Wednesday, July 24, 2013

The Storms and the Calm

Janey is having a rough night tonight.  Every half hour or so, she is screaming, that deafening scream that is fairly new, that is the alternative to the daylong crying it seems to have mostly replaced.  The crying was sad, but the screaming is angry, furious, and we are never sure why.

Much of the summer has been terrific so far.  Janey is talking better than ever, although we hold our breath about that, because her talking ebbs and flows.  But she is saying many more complete sentences---where she used to say something like "purple!" now she'll say "I want some purple ice cream, please!" or if I say "Maybe we'll go to the grocery store after school" she'll say "After school we might go to the store!" turning what I said around a little.  These kinds of sentences are still rare, but not shockingly rare any more, at least over the last month.  The other day, Tony said "We'll have to try to find Uncle Pino at the store" and Janey said "I know where she is!"  mixing up the pronoun, but delightfully responsive!  This morning, she looked around for William, who is in Maine for a few days, and said "Worms!  Where are you?" (Worms being a nickname I sometimes call William)  It was great, both that she noticed he was gone and that she verbally expressed that.

However, the storms come on suddenly and severely.  We can be having a perfectly good day, and suddenly, Janey screams, bites her arm and gets hysterical.  It's scary.  It was like what Mother Nature did yesterday as I was driving to pick up Janey at school---an amazing heavy rain came on and within minutes, the streets were flooded and I was fearing for my life.  An hour later, there was barely evidence anything had happened.  That's Janey.

I am working on figuring out a cause for these storms.  Sometimes, I have a good idea.  After school today, I took Janey into the library.  We have a usual routine there---we pick up the books I have held at the desk.  I order books online to come to my branch library, and Janey knows that routine.  This time, however, there was a book I wanted that I knew was in the stack there, so Janey and I walked into the dark and a tiny bit creepy stacks to get it.  She was okay at first, but when we got back to the desk to then get the held books, she lost it.  I had messed everything up.  She screamed her piercing scream, and I was glad that we were in a place we've been often before, so at least the workers, if not particularly sympathetic, at least knew Janey and had seen her in such action a few times before.  I did my patter, saying to Janey "We did something different, didn't we?  Mama should have told you ahead of time we were going to do that" and Janey screamed "Mama SHOULD HAVE TOLD YOU!"  I am not sure if that was echolalia or her true feelings, but I should have.  Other times, though, I have no idea what caused the storm.  I try to work like a detective, and sometimes do come up with a theory.  I've figured out any mention of dogs, even if the dogs aren't shown, sets her off.  She is truly terrified of them, and hearing a distant bark, one I might not even much notice, can be a problem.  Sometimes, though, even my best guesses and detection come up with nothing.  I figure Janey is thinking about or remembering something upsetting at those times, or has something stuck in her head, or has a pain someplace, or who knows what.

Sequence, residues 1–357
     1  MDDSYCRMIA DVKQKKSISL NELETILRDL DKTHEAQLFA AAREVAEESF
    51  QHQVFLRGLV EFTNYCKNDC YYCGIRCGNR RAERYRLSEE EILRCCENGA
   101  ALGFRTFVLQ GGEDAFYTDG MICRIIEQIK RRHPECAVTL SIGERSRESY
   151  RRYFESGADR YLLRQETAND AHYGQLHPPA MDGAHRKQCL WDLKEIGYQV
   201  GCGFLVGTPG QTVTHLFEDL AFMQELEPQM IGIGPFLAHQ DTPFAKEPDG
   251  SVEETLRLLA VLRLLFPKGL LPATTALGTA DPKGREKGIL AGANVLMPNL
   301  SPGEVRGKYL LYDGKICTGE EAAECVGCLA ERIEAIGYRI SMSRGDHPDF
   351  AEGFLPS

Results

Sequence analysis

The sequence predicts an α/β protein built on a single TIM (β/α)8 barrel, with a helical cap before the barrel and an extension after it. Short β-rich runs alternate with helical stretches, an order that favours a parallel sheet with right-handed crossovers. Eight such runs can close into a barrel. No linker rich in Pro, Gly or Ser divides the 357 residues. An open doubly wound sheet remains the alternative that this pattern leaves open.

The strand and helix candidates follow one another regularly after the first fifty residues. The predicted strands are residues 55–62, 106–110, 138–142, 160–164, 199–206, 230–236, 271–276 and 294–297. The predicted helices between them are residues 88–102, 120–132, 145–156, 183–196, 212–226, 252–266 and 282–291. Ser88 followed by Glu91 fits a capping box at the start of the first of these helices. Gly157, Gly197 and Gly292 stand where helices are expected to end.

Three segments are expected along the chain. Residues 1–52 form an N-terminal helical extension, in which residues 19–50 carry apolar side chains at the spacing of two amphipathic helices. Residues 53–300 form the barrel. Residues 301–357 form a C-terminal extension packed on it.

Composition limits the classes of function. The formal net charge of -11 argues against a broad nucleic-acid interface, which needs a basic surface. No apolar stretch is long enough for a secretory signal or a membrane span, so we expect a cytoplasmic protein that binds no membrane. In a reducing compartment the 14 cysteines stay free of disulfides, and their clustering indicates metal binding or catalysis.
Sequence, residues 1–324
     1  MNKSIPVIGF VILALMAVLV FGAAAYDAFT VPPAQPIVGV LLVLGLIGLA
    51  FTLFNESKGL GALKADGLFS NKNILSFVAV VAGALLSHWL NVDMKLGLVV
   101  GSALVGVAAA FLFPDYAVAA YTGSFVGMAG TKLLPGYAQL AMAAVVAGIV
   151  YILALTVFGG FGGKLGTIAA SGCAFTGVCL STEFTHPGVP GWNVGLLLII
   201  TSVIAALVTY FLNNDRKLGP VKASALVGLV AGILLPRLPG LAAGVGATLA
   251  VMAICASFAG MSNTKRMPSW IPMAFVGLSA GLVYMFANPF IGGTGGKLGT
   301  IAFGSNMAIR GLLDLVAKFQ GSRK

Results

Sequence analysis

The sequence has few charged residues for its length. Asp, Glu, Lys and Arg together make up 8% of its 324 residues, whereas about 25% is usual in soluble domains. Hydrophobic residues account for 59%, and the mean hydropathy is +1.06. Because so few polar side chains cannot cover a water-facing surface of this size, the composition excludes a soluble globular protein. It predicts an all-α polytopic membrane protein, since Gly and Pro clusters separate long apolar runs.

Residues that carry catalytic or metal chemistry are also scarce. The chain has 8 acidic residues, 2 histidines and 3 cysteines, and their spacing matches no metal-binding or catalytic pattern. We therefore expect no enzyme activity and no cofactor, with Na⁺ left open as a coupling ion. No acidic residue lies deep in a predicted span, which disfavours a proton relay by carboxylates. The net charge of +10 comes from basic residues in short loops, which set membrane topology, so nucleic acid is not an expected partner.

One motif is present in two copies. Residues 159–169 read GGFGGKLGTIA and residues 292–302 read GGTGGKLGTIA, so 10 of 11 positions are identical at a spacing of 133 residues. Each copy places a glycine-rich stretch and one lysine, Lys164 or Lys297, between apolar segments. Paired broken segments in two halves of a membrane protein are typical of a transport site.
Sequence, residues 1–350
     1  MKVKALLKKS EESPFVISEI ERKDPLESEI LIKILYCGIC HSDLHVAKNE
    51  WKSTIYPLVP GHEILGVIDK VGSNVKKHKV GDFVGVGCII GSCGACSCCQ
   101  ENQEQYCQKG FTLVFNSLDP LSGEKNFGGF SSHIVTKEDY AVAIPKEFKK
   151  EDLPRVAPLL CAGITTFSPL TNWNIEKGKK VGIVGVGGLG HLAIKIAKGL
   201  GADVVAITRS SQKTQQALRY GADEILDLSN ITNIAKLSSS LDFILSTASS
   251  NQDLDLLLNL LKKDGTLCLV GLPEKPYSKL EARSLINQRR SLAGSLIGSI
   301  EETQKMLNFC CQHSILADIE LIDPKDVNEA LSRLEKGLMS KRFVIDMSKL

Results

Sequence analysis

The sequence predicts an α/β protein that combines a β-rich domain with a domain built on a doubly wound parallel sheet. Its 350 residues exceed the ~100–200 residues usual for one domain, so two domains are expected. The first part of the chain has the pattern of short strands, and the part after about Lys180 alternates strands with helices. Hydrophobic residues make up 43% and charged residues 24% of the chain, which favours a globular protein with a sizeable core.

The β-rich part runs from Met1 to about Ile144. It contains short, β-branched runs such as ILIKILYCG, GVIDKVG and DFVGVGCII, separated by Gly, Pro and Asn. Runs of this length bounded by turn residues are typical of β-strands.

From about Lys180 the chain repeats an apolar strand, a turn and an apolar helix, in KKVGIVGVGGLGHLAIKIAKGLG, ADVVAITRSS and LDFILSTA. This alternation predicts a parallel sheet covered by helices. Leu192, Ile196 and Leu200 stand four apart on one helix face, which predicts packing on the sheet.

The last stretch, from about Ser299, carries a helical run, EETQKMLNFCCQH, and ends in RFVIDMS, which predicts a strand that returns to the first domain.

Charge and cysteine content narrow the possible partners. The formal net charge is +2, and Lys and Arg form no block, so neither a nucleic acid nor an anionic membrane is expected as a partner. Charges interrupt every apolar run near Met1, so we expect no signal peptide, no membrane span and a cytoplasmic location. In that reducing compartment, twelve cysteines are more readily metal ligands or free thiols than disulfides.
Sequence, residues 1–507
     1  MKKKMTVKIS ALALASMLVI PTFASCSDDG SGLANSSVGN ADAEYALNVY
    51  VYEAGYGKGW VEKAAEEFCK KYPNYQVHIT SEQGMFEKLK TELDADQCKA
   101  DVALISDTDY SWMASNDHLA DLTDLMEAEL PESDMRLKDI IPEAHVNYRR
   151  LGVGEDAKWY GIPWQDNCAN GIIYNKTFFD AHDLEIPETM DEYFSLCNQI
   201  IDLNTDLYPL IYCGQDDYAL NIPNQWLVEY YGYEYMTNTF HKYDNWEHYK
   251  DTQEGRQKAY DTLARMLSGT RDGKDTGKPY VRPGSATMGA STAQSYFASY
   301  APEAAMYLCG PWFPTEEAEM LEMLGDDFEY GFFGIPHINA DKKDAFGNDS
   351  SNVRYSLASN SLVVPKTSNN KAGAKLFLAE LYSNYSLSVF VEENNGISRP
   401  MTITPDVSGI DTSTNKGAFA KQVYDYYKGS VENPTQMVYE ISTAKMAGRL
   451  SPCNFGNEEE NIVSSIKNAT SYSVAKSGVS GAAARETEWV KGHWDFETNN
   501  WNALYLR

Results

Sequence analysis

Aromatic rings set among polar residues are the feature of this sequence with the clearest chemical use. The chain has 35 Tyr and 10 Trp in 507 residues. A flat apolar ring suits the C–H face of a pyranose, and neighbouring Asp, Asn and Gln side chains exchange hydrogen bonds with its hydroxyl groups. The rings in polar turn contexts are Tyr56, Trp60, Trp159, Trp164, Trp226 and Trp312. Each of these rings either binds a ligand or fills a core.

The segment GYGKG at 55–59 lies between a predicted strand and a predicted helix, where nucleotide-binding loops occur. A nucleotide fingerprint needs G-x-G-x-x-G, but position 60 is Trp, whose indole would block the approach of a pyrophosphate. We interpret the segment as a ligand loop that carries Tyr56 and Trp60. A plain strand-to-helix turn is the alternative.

I feel like we are in a transitional period with Janey.  I am seeing her mature a lot this summer, but maturing doesn't necessarily being getting more mainstream.  It means she is becoming more aware of the world, and that might be a very tough thing for a girl that sees she doesn't quite fit in it, a girl with fears and thoughts and routines and ideas that are hard for her to express.  I think we are in for a lot of flash floods, hopefully often followed by the brightness of a world after the storm.

1 comment:

Sophie's Trains said...

I think greater self-awareness always brings some negative feelings, even neurotypical teenagers get moody and weepy as their perceptions change from those of a child to that of a young adult. While it is more convenient to have a passive child, it is not a good thing, long term wise.
While Sophie could always be described as passive, after her regression she became downright apathetic. When she started to assert herself with little displays of fussing and tantruming we celebrated, as in "there's life in there!"
Janey sounds as if she's on the cusp of great growth. She's more perceptive and self-aware, she's able to name feelings. She might have some hormones starting their work too. Our girls are mysteries, but I think they hold beautiful secrets in them too.